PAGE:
Fifteen armed men stormed into the house of Zeeshan Mohammad, a Prayagraj real estate businessman, and pointed their guns and rifles at his family members. Startled, they froze.
Then a young man, Mohammad Ali, pulled out a phone, speed-dialled a number and barked at Zeeshan: “Talk to my father, Atiq Ahmed.”
The faces turned grim, if incredulous. Atiq, the dreaded mafiosi of Allahabad (now Prayagraj), was lodged in Sabarmati jail in Gujarat.
“I am Atiq Ahmed speaking,” said the voice on the phone. This was December 2021.
It was a scene straight out of a Bollywood movie. Ahmed told Zeeshan to transfer a certain amount to Ali’s account or face dire consequences.
“When I refused, he threatened to kill my family and me. ‘Either send the amount or transfer your land in my wife’s name,’ he said,” Zeeshan alleged. “He was speaking to me from the Sabarmati jail. Not even an inch moves in Allahabad without his permission. And he does all this from behind bars,” he added.
When Atiq Ahmed and Mukhtar Ansari, Uttar Pradesh’s gangster-turned-politicians or bahubalis, were first arrested, police, lawyers and politicians hailed it as a big step toward rupturing the “local crime network.” Having the two crime lords behind bars would squeeze and snuff out their extortion and kidnapping empires, they believed.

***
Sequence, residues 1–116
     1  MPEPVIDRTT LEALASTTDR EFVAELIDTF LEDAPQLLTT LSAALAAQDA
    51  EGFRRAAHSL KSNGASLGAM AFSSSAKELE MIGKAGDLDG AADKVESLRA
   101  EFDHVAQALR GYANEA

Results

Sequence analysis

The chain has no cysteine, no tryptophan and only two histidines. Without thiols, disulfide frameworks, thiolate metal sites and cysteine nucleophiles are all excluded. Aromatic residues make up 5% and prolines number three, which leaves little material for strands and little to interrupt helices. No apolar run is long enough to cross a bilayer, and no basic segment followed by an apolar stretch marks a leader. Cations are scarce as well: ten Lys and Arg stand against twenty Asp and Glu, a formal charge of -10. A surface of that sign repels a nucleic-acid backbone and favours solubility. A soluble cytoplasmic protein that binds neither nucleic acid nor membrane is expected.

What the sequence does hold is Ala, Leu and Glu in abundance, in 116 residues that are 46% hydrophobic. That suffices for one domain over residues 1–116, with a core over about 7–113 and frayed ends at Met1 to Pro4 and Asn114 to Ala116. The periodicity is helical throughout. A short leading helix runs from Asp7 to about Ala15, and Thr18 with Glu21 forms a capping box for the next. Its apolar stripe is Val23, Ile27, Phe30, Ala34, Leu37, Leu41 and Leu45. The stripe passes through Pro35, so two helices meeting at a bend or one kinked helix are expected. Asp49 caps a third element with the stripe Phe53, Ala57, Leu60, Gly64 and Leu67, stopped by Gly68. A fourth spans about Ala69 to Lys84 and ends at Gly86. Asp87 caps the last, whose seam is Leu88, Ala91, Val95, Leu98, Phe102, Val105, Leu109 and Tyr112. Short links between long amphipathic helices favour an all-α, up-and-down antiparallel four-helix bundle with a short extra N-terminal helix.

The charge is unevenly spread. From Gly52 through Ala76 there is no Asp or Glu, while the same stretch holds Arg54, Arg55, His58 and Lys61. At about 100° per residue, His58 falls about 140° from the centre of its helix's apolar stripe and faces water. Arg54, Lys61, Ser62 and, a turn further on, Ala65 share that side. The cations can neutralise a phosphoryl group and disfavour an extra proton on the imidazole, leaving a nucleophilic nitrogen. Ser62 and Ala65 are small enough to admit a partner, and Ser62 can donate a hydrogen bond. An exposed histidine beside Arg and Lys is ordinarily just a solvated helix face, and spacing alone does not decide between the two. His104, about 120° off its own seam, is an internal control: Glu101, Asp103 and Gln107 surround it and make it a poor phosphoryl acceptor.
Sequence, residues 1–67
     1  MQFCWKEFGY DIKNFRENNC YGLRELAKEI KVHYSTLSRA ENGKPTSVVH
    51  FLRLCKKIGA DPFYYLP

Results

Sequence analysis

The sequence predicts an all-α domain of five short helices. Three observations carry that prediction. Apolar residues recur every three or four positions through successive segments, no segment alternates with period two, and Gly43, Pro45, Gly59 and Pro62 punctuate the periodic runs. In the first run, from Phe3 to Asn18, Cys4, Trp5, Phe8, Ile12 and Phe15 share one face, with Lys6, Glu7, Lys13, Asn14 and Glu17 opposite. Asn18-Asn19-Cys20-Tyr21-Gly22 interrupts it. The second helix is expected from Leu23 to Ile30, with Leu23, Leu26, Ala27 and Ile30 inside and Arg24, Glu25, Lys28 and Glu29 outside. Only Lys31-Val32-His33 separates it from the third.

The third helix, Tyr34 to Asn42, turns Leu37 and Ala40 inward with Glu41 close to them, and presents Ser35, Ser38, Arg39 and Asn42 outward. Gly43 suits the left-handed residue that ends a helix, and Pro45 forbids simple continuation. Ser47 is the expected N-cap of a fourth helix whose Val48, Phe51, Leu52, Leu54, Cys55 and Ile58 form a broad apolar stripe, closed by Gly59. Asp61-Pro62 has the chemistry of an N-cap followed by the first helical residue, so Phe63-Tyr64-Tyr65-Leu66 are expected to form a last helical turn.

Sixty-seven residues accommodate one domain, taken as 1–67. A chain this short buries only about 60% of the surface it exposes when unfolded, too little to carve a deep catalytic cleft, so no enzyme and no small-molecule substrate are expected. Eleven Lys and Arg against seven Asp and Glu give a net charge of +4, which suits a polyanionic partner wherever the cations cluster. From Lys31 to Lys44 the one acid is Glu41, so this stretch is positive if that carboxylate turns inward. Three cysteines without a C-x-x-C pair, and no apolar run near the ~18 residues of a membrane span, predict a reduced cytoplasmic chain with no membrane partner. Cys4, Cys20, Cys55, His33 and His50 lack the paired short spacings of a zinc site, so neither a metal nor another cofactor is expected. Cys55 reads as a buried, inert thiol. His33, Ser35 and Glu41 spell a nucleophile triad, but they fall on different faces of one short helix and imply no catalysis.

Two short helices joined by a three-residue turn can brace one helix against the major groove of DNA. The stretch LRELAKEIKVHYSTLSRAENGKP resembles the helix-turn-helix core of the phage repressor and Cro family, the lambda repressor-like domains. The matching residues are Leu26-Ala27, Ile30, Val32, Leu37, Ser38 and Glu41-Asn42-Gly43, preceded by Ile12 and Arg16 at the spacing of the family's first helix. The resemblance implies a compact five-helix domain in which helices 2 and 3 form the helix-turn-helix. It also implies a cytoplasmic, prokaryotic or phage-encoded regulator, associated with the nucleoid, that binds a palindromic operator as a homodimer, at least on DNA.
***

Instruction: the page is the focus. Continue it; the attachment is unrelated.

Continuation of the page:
“In order to break the nexus, the inmates are shifted from one jail to another,” Additional Director General of Police (Prison) GL Meena had said in 2017.
But until Atiq got into trouble last month over Umesh Pal’s murder, incidents like Zeeshan’s showed how he continued to be active from afar, working through underground jail and police networks. A prime witness in the 2005 murder of Bahujan Samaj Party (BSP) MLA Raju Pal and his two security personnel, Umesh was shot dead on 24 February in Dhoomanganj, Prayagraj. But roughly 200 on-ground handlers still carry out Atiq’s instructions, extorting money from the city’s top businessmen and real estate agents.
Running crime rackets from jail